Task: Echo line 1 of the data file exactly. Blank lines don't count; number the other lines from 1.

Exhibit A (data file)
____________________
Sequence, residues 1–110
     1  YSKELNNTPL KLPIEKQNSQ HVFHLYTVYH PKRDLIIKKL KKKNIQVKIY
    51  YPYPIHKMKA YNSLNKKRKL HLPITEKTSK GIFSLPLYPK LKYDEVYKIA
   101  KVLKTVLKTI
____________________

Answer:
Sequence, residues 1–110